Specials

Right call: for Xiaomi, it’s ‘Hindi-Chini, buy-buy’

Rashmi Pratap Mala Bhargava | Updated on January 16, 2018

Mi phone

From the Xiaomi range

The company’s India head Manu Jain

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With smartphones and smarter marketing, the gadget-maker is expanding its India footprint



At each of its product launch events, Chinese gadget-maker Xiaomi plays a neat little party trick. Hugo Barra, its rock-star Vice-President of International, holds up the new product – say, the latest smartphone – and asks the attendant crowd what price it thinks it should sell for.

“₹25,000?” asks Barra, teasingly. “20,000? Maybe 15,000?”

An impromptu ‘auction’ then unfolds. Some in the crowd yell: “15,000”. Others amp it up to “20,000”.

Barro lets these numbers sink in. He pauses dramatically to let the suspense build up.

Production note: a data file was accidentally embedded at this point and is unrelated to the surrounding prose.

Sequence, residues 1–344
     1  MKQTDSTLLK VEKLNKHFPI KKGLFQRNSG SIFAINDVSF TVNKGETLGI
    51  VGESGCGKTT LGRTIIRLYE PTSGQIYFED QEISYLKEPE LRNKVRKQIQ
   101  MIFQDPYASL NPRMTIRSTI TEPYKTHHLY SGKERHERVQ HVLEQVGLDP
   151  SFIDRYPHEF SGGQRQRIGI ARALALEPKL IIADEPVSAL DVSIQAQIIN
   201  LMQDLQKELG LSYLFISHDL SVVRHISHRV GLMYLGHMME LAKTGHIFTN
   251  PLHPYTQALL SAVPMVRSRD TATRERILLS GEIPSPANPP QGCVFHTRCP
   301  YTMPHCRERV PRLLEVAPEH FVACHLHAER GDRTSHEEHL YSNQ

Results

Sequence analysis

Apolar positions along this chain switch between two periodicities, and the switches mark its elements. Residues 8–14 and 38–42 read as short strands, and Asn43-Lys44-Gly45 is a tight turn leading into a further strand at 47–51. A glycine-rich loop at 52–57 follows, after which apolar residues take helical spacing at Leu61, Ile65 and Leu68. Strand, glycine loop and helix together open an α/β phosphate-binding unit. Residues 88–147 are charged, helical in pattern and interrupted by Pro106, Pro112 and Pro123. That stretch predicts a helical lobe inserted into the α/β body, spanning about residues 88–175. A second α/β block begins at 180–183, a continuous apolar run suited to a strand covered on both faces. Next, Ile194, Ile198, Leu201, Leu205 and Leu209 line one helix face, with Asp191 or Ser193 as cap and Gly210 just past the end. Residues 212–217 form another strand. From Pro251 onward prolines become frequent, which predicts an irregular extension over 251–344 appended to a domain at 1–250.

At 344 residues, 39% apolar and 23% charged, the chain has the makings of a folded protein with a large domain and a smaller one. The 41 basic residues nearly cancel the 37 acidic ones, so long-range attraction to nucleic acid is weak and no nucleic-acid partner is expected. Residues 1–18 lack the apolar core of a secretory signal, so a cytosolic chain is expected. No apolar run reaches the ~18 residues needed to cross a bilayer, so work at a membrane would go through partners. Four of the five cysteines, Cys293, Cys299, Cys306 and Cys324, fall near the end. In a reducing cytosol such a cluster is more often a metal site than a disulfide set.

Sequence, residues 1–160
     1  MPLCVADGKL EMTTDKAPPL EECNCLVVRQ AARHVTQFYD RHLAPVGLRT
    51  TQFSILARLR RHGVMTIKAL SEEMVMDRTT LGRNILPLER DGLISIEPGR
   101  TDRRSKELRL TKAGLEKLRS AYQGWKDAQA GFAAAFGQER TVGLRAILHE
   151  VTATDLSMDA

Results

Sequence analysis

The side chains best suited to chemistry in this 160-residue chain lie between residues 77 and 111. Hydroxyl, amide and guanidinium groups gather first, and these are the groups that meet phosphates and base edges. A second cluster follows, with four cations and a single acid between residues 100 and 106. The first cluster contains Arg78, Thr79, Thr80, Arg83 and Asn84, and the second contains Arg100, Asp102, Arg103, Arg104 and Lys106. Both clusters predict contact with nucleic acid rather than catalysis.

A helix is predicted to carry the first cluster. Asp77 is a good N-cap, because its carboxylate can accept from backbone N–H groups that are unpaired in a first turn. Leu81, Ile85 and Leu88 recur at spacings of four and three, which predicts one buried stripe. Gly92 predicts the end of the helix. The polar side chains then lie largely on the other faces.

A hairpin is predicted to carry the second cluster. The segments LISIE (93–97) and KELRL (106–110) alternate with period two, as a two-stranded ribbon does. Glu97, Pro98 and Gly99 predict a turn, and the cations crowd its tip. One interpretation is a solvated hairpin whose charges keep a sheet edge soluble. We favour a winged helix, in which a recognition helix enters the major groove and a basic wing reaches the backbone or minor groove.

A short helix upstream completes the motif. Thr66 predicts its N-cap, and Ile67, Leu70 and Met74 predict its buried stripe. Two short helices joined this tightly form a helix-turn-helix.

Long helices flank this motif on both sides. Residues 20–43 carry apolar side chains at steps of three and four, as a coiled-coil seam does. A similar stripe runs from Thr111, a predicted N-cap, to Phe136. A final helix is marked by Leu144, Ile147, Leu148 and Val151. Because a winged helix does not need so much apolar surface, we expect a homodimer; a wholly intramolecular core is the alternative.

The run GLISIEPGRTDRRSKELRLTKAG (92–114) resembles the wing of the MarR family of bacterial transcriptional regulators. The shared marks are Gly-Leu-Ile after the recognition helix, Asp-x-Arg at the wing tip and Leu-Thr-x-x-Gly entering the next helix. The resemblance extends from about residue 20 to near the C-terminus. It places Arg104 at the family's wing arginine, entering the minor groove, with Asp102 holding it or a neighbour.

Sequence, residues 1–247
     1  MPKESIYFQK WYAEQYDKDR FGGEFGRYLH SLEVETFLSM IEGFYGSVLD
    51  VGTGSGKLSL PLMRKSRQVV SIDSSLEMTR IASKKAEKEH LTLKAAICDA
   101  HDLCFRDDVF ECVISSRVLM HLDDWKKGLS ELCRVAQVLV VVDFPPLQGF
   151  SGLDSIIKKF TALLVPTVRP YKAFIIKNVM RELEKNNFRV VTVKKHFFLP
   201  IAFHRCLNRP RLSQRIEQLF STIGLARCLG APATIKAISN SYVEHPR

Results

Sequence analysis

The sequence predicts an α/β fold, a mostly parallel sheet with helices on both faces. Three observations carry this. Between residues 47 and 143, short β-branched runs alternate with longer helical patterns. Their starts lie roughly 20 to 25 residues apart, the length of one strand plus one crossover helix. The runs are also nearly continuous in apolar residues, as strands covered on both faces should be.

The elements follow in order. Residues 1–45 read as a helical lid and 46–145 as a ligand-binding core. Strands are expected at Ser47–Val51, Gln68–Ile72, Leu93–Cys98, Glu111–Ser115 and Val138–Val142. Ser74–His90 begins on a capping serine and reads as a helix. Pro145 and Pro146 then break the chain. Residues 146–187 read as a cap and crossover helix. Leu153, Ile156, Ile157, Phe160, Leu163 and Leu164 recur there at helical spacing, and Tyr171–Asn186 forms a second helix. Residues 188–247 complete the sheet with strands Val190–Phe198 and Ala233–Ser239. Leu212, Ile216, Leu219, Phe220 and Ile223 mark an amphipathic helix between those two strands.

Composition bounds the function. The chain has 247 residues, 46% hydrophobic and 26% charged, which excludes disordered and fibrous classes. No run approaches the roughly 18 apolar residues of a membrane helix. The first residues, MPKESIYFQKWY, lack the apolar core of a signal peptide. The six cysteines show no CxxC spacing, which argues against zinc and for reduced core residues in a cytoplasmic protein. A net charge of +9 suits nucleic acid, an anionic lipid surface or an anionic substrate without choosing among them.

And then, to the imagined sound of drumrolls, he announces with a flamboyant flourish: “Well, it’s yours for ₹11,000!”

Cue: thunderous applause and raucous cheers. It works every time.

It isn’t just Barra’s showmanship that has Xiaomi’s customers – and even sections of the tech media – gushing like giggly fanboys. In the two-plus years since it debuted in India, Xiaomi has established a reputation for its “Apple-class” products at perhaps half the price.

In fact, when Xiaomi first launched in India in July 2014, it sold about 15,000 smartphones online in just 4.2 seconds! When it launched its Redmi Note 3 in March this year, it sold six lakh units in 60 days – making it the highest-selling handset online. And in the 72 hours between October 1 and 3, it sold more than half a million devices through partner platforms – a feat no vendor has matched in India.